Stephanie Kelly/The Daily Northwestern
City Council and staff held a public hearing on the 2015 budget Saturday to address resident concerns and further explain the proposed plan.
During the special meeting at the Civic Center, city officials gave residents an update on infrastructure improvements and the details of a proposed capital improvement plan.
Aldermen also introduced plans to implement various tax levies. Two ordinances would levy a property tax on funding for the Evanston Public Library and the activities of nonprofit organization Downtown Evanston.
The third ordinance will levy a tax for the city’s general operations and general assistance funds, the Illinois Municipal Retirement Fund and the Police and Fire Pension Funds.
Residents spoke both in favor and against the levy for the annual property tax for EPL, which would increase the funding given to the library in 2015.
“It is deplorable that an institution that serves a diverse community so well must suffer such financial distress,” resident Deborah Abbott Kisor said.
Kisor compared Evanston’s property taxes to the higher property taxes in neighboring cities, such as Skokie and Oak Park, Illinois. The library is requesting $7 per $100,000 of tax value, Kisor said.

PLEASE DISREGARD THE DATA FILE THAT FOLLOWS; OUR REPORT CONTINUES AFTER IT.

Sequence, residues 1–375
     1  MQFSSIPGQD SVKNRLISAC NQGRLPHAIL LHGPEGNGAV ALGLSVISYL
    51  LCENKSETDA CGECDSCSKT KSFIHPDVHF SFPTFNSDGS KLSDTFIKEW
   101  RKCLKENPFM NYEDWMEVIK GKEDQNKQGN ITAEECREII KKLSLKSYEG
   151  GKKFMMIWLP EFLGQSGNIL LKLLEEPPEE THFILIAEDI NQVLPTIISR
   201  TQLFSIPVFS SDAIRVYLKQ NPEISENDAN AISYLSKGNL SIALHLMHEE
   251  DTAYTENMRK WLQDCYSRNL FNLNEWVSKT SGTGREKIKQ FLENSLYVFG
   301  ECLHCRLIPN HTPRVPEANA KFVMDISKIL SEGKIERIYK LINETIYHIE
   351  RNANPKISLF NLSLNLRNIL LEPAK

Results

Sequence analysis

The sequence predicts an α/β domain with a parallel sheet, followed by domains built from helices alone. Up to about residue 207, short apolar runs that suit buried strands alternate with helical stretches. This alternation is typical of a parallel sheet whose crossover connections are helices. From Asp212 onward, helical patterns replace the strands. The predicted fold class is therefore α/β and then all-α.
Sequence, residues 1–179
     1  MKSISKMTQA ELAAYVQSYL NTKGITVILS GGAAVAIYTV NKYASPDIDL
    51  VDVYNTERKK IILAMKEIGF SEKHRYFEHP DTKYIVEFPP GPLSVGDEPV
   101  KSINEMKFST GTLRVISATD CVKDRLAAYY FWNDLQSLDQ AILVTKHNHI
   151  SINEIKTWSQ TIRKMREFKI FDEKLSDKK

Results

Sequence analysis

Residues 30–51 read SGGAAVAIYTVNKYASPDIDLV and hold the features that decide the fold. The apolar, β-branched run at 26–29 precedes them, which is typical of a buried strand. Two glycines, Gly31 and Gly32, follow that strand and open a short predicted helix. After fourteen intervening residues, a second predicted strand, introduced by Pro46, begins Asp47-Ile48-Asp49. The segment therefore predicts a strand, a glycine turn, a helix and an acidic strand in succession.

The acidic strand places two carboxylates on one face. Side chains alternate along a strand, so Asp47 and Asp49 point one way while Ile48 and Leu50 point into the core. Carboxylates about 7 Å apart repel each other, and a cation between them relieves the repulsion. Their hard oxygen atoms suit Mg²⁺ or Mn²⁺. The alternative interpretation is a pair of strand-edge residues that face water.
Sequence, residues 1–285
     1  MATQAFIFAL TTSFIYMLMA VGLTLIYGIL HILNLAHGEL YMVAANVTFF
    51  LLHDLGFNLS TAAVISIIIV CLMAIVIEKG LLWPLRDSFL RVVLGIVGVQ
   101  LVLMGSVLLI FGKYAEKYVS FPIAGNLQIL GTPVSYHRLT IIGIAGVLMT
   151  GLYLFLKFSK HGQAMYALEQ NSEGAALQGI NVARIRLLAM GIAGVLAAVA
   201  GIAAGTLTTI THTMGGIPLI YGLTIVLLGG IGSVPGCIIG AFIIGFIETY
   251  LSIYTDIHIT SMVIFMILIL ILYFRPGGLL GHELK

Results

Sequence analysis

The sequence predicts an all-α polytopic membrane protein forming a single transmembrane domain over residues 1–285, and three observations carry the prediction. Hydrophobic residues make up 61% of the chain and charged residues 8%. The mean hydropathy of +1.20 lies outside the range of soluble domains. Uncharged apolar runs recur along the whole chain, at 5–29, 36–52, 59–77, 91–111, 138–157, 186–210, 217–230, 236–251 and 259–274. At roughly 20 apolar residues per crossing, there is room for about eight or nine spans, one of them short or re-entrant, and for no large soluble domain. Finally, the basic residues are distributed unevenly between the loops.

“Considering the library’s outstanding programs for children, teens, adults, its book and library and online collections, its free services and its branches that serve as community centers,” she said, “where else in the world could you get more bangs for seven bucks?”
However, some residents raised concerns over the levy.
“They just don’t have any urgent needs that the library needs to extend the tax rate for,” resident Mike Vasilko said.
Vasilko said he thought the surplus money from the 2014 budget should be given back to taxpayers, but city manager Wally Bobkiewicz said the leftover funding is being used to pay off the city’s debt.
Aldermen voted 6-1 to pass the introduction of the library tax levy ordinance with Ald. Ann Rainey (8th) dissenting. Council voted unanimously to introduce the other proposed ordinances.
City officials presented the proposed capital improvement plan, which has a budget of more than $43 million. The funding will go toward projects to improve streets, water systems, sewage lines, parks, facilities, streets, alleys and sidewalks.
The city is on target to finish all the construction projects from 2014, said Sat Nagar, a city engineer and the assistant director of Public Works. The rest of the projects that need to be completed will be done within the next two weeks or so, he said. However, longer term projects will carry over to next year, he said.
“We are very comfortable with how we’ve proceeded,” Bobkiewicz said. “We certainly are always open to other ways to outreach, but again we’re looked at as a national leader in reaching out and making information available … and we’ll continue to do that.”
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